Rev. Lloyd Wake and Asian/Pacific-Islander (API) Organizing

Rev. Lloyd Wake was born in 1922 in Reedley, California to Japanese immigrant parents. In 1942-1943, during World War II, Wake and his family were incarcerated at the Poston Relocation Center in Arizona. He says of that time:

Curiously enough, but understandably, during the internment and for some years after I didn’t express bitterness or anger about the years at Poston Relocation Center. Most of my generation was programmed to accept whatever happened to us quietly and submissively.259

While at Poston, Wake became friends with a minister who later convinced him to join the ministry. From 1946 to 1948, Wake attended seminary at Asbury College in Willmore, Kentucky (the same school Lizzie Glide helped fund).260 Asbury’s policy of excluding African Americans inspired Wake to pursue social justice issues later in life. Following Asbury, he received his Divinity degree from the Berkeley Baptist Divinity School (now the American Baptist Seminary of the West). From 1950 to 1967, Wake was minister at the Pine Street Methodist Church in San Francisco (1329 Pine Street), known as the “mother church” of all Japanese American Methodist Churches in the US.261

In 1963, while still ministering at Pine Street Church, Lloyd Wake was invited to serve on the Board of Trustees for the Glide Foundation—a position that changed the course of Wake’s life. He says:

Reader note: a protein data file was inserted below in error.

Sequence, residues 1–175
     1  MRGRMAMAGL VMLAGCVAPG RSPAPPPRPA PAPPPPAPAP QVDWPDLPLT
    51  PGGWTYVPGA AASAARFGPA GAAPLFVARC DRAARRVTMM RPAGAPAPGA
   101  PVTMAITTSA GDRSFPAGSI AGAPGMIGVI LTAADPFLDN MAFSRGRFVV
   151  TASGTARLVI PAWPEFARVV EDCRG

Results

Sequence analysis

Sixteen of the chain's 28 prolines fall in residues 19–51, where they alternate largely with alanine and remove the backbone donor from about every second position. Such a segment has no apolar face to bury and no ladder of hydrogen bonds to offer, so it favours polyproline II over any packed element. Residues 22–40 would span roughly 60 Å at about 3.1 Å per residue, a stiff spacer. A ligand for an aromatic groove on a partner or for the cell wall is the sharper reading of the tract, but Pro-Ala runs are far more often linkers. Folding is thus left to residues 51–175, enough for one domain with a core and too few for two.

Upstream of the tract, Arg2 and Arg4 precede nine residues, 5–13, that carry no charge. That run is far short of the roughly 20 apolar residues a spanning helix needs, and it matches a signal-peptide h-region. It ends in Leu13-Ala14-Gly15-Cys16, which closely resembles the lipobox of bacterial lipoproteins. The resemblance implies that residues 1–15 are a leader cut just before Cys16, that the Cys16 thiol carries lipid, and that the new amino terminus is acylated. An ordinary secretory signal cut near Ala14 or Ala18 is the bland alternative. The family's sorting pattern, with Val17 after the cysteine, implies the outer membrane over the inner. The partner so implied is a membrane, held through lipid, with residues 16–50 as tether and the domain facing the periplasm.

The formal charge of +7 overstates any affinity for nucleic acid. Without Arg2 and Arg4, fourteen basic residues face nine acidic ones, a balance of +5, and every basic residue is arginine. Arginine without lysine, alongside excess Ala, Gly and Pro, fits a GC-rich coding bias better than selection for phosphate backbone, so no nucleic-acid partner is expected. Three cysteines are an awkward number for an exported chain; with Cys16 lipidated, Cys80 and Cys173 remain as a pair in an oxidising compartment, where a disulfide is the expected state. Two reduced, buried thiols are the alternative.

I began to see the way in which a church can have an impact on its congregation, its youth, its surrounding ghettoes. Glide was life-affirming, non-traditional and non-ecclesiastical. We at Pine began to understand the importance of being involved in human and social issues…. We began to come out of ourselves.262

Wake left Pine Street Church to join the ministry at Glide ministry in 1967, becoming Minister of Community Life. The following year he participated in the five-month-long student-led strike at San Francisco State University, the longest campus strike in US history. The strike was led by SFSU students and faculty and community activists demanding “equal access to public higher education, more senior faculty of color and a new curriculum that would embrace the history and culture of all people including ethnic minorities.”263 The strike resulted in the establishment of the College of Ethnic Studies at SFSU and similar classes and programs across the country. Wake notes that the experience was first time he had become “heavily involved in a cause:”

Students of all backgrounds were struggling with their own identities and they needed help. The most marvelous thing, to me, was that Asian students were asking support from the Asian community. Kids whose parents had been silent about Manzanar, Poston, Tule Lake, were demanding to know. And we responded—after all those years…. I joined their picket lines, spoke at their rallies, mobilized family and friends in their behalf. We united and gave birth to a wonderful creature—Asian consciousness.264

After the strike, Wake joined with Janice Mirikitani, a fellow incarceration camp survivor, and API students to publish an anthology of Asian-American poetry, essays and graphics called Aion. His other contributions while at Glide include: supporting and supervising the alternate civilian service of 30 conscientious objectors; and performing covenant services for gay, lesbian, and transgender partners beginning in the late 1960s.265